"Today, tomorrow or yesterday, happen at the same time in different realms. I sometimes have a glimpse of what might be a reality of its own. It is the ʻvisualʼ that remembers when the journey together and the journey within one's soul make meaningful connections."
Golnar's work captures the movement of emotional journey in the passage of time. It uses light as a material which reflects from behind a heavily textured canvas. The fluidity of both the process of making the work and the end product doesn’t recognize the boundaries of time-space. The making involves a back and forth practice between building layers and carving them and the visual outcome is an expression that stretches the boundaries of two dimensional artwork. She thinks that her work is just like a relief that plays at the borders of belief and playfully relieves the humanly pain in the making.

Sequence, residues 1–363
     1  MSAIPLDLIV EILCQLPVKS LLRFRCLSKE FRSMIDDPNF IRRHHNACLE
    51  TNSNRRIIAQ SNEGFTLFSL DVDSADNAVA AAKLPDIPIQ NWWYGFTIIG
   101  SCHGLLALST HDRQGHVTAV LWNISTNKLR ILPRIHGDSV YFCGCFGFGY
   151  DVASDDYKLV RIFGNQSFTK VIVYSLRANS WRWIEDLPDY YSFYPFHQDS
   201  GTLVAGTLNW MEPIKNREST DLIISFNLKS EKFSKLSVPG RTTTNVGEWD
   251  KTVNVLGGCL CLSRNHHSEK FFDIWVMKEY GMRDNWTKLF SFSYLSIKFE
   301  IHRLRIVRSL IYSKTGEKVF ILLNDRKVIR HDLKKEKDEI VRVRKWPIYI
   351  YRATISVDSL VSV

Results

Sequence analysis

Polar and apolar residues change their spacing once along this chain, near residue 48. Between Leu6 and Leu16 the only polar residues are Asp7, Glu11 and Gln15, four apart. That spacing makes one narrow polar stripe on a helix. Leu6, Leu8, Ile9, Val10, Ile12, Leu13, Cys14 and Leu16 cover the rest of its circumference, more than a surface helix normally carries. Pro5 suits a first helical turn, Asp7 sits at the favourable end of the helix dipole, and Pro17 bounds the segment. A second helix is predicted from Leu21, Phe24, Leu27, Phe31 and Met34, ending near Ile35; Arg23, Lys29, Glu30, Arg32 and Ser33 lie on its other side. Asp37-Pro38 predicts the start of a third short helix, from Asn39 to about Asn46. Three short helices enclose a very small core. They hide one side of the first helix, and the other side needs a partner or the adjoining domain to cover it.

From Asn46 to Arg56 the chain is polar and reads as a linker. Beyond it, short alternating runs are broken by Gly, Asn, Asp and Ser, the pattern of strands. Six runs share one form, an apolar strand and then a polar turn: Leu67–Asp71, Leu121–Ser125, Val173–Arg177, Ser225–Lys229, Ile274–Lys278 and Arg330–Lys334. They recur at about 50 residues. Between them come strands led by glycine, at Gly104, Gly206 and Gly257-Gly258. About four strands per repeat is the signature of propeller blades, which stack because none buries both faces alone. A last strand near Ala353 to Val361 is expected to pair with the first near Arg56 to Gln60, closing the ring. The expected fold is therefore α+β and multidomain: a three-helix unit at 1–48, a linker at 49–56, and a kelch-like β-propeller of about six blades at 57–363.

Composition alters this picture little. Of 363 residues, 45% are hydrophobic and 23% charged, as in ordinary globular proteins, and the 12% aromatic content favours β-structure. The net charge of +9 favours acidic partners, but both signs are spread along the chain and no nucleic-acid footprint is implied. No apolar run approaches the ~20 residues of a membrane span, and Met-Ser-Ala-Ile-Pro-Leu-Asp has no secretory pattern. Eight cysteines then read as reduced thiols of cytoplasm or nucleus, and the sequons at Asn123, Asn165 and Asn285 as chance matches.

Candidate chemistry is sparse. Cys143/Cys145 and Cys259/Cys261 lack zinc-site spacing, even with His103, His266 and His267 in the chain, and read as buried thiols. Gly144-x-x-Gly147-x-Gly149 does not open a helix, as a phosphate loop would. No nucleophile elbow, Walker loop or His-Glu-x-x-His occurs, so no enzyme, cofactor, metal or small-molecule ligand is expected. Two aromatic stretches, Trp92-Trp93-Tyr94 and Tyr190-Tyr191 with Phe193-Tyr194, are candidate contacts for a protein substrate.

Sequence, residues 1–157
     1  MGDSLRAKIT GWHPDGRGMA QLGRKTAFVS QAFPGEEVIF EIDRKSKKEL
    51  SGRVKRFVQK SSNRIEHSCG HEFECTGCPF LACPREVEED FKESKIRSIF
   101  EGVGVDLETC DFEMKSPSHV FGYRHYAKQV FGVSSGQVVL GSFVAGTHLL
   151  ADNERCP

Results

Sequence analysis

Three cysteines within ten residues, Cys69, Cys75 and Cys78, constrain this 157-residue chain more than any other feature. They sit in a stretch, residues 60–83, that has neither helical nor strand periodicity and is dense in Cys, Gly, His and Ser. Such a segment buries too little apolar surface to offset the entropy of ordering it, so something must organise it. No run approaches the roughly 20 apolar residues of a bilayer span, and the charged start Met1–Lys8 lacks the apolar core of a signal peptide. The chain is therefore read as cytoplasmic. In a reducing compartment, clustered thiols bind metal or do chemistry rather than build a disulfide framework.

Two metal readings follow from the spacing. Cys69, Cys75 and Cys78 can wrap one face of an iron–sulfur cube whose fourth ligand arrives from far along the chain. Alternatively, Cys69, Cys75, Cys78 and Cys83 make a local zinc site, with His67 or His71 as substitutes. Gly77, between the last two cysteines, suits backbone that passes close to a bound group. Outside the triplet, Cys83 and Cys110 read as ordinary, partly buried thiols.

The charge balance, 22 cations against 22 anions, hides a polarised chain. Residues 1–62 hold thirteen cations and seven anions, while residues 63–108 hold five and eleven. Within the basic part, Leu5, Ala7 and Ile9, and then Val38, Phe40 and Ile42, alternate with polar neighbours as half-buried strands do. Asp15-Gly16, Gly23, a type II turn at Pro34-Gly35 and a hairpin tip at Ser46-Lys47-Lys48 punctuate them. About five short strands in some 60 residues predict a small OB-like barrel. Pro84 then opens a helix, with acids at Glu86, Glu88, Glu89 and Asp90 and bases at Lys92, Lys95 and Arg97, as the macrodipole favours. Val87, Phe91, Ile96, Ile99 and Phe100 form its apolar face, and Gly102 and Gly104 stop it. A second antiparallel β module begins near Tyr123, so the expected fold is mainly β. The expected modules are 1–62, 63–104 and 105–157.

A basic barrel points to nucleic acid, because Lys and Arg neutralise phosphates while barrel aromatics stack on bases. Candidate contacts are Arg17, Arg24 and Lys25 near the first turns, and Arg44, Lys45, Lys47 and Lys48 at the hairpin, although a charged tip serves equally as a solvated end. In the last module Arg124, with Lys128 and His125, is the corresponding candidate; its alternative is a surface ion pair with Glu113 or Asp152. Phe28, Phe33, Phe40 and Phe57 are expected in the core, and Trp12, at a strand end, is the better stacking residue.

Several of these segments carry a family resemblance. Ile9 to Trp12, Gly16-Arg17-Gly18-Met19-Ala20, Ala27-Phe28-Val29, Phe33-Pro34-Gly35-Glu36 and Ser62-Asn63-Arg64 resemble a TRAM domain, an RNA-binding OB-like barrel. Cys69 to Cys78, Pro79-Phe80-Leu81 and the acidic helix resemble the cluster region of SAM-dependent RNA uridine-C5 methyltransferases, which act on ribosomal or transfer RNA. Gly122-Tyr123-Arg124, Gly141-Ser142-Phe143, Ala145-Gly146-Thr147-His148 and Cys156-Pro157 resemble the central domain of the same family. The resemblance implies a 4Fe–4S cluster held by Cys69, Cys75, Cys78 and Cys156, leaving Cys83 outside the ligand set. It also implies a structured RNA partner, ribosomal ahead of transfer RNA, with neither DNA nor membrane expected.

This practice is more concerned with how and why people survive emotional turmoil and are ‘reborn’ than it is with how life happens to them. Very much interested in what makes people change tracks in life, she is particularly inspired by places in which people from different backgrounds and all walks of life make meaningful connections, such as instant cities like Dubai; creative cities like Cambridge; epics like the Shahnameh; and dancing circles like Milongas. Her paintings are spontaneous emotional responses to the worlds within and outside the self and are the outcome of an intellectual process which has its roots in sufi poetry and in my time at the Cambridge University and Christ’s College Visual Arts Centre in particular. An example of her work above: Realm 2, 90 by 90, back lit mixed media on canvas.
She has been exhibiting widely and her last ventures were in Tehran, London, and Amsterdam. From all the distances she has gone Cambridge Colleges were the only places she has donated work to. Her pieces are kept in public collections both at Christ’s College and Murray Edwards College.